In a head-spinning tweet, President Trump blasted NASA on Friday for its plan to return to the moon — a plan set in motion during a, and forcefully endorsed in March on the president's behalf by Vice President Mike Pence, chairman of the revitalized National Space Council.
"For all of the money we are spending, NASA should NOT be talking about going to the Moon - We did that 50 years ago," the president tweeted Friday. "They should be focused on the much bigger things we are doing, including Mars (of which the Moon is a part), Defense and Science!"
NASA has long viewed human missions to Mars as the agency's long-range goal, but senior management, backed by earlier guidance from the administration, strongly favors sending astronauts back to the moon first to gain experience and test the technologies needed to eventually reach the red planet.
NASA Administrator Jim Bridenstine, in a presumed effort to smooth over signs of discord, tweeted late Friday the agency already has an active Mars research program. NASA currently operates three orbiters and two Mars landers — InSight and the Curiosity rover — with another expensive rover set for launch in 2020 that will search for signs of past life. It also will carry a small, experimental helicopter to test the viability of martian aircraft.
"As @POTUS said, @NASA is using the Moon to send humans to Mars!" Bridenstine tweeted. "Right now, @MarsCuriosity and @NASAInSight are on Mars and will soon be joined by the Mars 2020 rover and the Mars helicopter.
In any case, the president's comments were at odds with the administration's previously stated space policy.
During a March 27 meeting with NASA managers and aerospace officials at the agency's Marshall Space Flight Center in Huntsville, Alabama, Pence said the Trump administration was ordering NASA to, four years earlier than had been planned.
"At the direction of the president of the United States, it is the stated policy of this administration and the United States of America to return American astronauts to the moon within the next five years," Pence said. "The first woman and the next man on the moon will both be American astronauts, launched by American rockets from American soil."
The administration already had established a return to the moon as the focus of NASA's deep space exploration program in Space Policy Directive No. 1,during a White House ceremony on Dec. 11, 2017.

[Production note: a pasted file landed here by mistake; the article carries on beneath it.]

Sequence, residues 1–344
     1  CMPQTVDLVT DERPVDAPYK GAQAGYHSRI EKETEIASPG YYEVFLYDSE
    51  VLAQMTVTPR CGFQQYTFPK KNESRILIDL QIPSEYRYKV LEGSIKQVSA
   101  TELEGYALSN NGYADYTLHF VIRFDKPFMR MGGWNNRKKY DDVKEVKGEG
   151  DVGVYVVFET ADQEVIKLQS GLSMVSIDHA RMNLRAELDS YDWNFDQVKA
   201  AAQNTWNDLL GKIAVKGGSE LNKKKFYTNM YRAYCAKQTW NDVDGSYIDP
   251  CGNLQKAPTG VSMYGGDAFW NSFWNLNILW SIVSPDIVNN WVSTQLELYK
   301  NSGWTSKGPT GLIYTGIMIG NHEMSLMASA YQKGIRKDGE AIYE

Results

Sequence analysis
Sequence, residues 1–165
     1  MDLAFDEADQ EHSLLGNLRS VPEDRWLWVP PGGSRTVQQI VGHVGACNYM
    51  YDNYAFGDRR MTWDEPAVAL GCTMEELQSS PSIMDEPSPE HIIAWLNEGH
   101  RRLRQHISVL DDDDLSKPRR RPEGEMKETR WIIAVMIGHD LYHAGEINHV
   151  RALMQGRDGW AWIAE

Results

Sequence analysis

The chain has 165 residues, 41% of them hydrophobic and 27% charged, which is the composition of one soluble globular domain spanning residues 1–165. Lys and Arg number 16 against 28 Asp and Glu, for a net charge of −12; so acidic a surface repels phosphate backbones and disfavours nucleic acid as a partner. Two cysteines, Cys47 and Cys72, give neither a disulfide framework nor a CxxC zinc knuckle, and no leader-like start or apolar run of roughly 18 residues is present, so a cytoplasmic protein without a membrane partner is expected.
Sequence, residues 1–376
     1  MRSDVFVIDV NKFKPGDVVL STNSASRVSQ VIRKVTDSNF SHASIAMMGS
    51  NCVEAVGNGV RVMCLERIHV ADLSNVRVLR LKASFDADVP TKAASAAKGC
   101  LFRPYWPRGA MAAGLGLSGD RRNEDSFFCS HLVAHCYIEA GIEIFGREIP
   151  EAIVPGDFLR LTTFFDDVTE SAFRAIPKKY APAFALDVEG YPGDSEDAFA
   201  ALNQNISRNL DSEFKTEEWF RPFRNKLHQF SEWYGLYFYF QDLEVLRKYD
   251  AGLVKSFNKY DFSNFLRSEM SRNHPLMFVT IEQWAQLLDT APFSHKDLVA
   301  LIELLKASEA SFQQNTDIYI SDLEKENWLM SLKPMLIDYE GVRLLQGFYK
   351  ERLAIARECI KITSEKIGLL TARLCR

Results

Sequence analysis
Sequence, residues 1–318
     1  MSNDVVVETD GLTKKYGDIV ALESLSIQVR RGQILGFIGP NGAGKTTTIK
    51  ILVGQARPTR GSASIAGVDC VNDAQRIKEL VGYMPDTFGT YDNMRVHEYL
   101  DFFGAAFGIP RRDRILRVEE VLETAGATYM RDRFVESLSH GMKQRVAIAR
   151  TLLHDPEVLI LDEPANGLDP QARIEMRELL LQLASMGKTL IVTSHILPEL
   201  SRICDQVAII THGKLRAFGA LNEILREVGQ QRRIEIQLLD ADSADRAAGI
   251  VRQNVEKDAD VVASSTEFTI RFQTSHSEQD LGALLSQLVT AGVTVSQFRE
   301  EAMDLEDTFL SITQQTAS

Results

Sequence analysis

"The directive I am signing today will refocus America's space program on human exploration and discovery," President Trump said at the time. "It marks a first step in returning American astronauts to the moon for the first time since 1972, for long-term exploration and use. This time, we will not only plant our flag and leave our footprints — we will establish a foundation for an eventual mission to Mars, and perhaps someday, to many worlds beyond."
NASA subsequently began refining long-range plans to assemble a mini space station called Gateway in orbit around the moon in the mid 2020s and to return astronauts to the lunar surface by 2028.
During his March speech at Marshall, Pence said that "after years of cost overruns and slipped deadlines, we're actually being told that the earliest we can get back to the moon is 2028. ... Ladies and gentlemen, that's just not good enough. We're better than that."
With 2024 the new target for "boots on the moon," theto NASA's 2020 budget request on May 13. At that time, the president tweeted "we are restoring @NASA to greatness and we are going back to the Moon, then Mars. I am updating my budget to include an additional $1.6 billion so that we can return to Space in a BIG WAY!"
NASA Administrator Jim Bridenstine said the additional money represented "a down payment on NASA's efforts to land humans on the moon by 2024. In the coming years, we will need additional funds. But this is a good amount that gets us out of the gate in a very strong fashion and sets us up for the future."